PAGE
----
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TOPIC: Help!

Help! 8 years 8 months ago #1936

  • akfarrar
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Anyone know a good source of realistic dates (guesses) for the sonnets?

Preferably on line.

AKF

:?:
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Help! 8 years 8 months ago #1937

  • Joe M.
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Have you checked SHAKSPER? (Global Electronic Shakespeare Conference)
Try a search at: http://www.shaksper.net
Their archives are fairly extensive, and one can usually find authoritative professional expertise on just about any topic a la W.S.
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Help! 8 years 8 months ago #1939

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Thank you - tried but not much. There is an article locked away on one of the 'pay for' journal sites - I will take a walk to my local university librarian and see if she can access it for me.

What do people think of Gurr and 145?

http://willyshakes.com/sonnet/index.htm
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Help! 8 years 8 months ago #1941

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akfarrar wrote:
Anyone know a good source of realistic dates (guesses) for the sonnets? Preferably on line. AKF :?:
Where can I find a similar on-line resource for the plays?
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Help! 8 years 8 months ago #1942

  • Tue Sorensen
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akfarrar wrote:
Thank you - tried but not much. There is an article locked away on one of the 'pay for' journal sites - I will take a walk to my local university librarian and see if she can access it for me.

What do people think of Gurr and 145?

http://willyshakes.com/sonnet/index.htm

That this sonnet refers to Anne Hathaway has been referenced in every book and sonnet notation for a long time, and the case for it is indeed strong. Still, I believe that all of Shakespeare's work carries multiple meanings, incl. sonnet 145. So yes, it is probably about Anne Hathaway, but it is probably also about something else. I don't think that discussion is over.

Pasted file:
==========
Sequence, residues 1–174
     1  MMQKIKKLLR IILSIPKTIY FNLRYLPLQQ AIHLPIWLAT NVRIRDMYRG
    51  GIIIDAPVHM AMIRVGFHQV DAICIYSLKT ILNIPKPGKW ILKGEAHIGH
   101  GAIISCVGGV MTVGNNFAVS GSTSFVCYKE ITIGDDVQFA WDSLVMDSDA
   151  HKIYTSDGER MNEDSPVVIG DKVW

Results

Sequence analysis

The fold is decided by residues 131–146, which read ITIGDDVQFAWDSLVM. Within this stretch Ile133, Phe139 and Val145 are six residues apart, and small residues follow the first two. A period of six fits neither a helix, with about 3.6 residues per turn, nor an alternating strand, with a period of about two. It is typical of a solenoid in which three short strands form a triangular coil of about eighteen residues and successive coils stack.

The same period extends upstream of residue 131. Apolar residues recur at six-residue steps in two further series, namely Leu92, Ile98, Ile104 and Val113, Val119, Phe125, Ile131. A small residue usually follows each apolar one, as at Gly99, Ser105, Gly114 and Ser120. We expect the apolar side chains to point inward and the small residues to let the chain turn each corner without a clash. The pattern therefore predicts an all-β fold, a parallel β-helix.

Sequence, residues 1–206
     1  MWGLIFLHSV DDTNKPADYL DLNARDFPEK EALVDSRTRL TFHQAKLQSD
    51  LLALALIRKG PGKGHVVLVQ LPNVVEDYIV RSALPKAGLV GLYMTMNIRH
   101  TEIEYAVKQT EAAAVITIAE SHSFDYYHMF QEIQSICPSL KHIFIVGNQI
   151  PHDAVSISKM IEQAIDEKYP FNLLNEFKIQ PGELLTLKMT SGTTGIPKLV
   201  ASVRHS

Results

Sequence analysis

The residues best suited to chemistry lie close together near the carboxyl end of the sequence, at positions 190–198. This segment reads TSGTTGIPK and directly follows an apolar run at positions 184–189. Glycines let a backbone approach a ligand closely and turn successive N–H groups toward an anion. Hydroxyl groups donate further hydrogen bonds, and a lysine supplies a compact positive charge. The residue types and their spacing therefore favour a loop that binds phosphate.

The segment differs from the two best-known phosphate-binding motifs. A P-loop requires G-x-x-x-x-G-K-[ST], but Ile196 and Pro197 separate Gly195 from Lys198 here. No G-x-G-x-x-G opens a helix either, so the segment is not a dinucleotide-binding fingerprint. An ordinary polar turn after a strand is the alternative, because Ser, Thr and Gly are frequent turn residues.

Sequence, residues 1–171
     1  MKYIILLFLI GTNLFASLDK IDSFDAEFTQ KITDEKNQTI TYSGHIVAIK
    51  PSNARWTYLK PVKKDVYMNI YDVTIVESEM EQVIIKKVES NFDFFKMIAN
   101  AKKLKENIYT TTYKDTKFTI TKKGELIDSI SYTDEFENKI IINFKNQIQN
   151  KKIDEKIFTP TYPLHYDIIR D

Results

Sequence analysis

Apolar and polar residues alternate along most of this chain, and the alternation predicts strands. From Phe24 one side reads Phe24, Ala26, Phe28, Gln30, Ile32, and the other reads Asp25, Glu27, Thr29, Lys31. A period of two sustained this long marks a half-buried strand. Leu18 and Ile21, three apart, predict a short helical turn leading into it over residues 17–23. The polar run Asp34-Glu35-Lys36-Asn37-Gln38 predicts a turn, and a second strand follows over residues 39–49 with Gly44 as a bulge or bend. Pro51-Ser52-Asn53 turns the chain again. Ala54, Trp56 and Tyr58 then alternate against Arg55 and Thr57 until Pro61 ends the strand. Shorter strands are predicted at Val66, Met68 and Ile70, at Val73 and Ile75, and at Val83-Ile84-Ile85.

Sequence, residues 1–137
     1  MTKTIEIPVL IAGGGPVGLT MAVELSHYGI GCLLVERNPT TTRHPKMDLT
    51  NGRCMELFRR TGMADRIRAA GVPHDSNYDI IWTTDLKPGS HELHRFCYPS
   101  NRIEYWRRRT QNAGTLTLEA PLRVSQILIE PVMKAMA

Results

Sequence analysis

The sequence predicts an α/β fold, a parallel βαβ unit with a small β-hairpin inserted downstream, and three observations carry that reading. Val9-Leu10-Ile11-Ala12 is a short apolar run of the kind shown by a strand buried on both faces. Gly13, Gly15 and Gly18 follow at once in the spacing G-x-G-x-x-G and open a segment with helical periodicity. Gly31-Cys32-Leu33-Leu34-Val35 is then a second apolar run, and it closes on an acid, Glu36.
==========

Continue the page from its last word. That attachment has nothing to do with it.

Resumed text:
As for the date, Gurr is fairly convincing. I suppose 145 could be the first sonnet. I don't know whether it goes back as far as 1582, though, but it's certainly possible.

As for the closer dating of the individual sonnets; well, it would require a huge investigation into stylism, and even then the evidence would probably be inconclusive. I believe that Shakespeare revised his work continuously. He published the sonnets when he was satisfied with them, and that was in 1609. I think he worked on them all the way up until then. But of course, some would have been finished several years earlier.
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Help! 8 years 8 months ago #1943

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Best link so far:

http://www2.prestel.co.uk/rey/sonnets.htm

Which also has some of the plays ordered in the graphs.

starting point for Chronology of plays for me is:

http://www.penguinclassics.co.uk/static/cs/uk/10/minisites/shakespeare/readmore/chronology.html

:twisted:
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Help! 8 years 8 months ago #1944

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Thanks, Akfarrar. In looking at the chronology from the Penguin Classics link, it's interesting to see "The Tempest" near the very bottom when it's presented first in the Folio.

BTW, what's your opinion on the source of the chronology: Shakespeare: A Textual Companion, by Stanley Wells and Gary Taylor, with John Jowett and William Montgomery (1987)?
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Help! 8 years 8 months ago #1946

  • Joe M.
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paulrobertwagner : In looking at the chronology from the Penguin Classics link, it's interesting to see "The Tempest" near the very bottom when it's presented first in the Folio.

I believe--as has been conjectured--that Heminges & Condell thought Shakespeare to have written his own very personal "Swan Song" in The Tempest, and rather than a chronological mistake, H&C placed it first as a sort of embodiment of and tribute to the Playwright. He's been so strongly identified with Prospero, that some actors playing the role have found it theatrically sound enough to deliver Prospero's final speech AS Shakespeare.
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Help! 8 years 8 months ago #1947

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paulrobertwagner wrote:
BTW, what's your opinion on the source of the chronology: Shakespeare: A Textual Companion, by Stanley Wells and Gary Taylor, with John Jowett and William Montgomery (1987)?
Anyone?
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Help! 8 years 8 months ago #1949

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Well, I quite like it - but, as with any attempt to do a chronology, there are seriously debatable decisions taken. The early placement of the two comedies is not accepted by everyone - and the issue of Henry VI i don't think is accepted by some: I happen to like both decisions.
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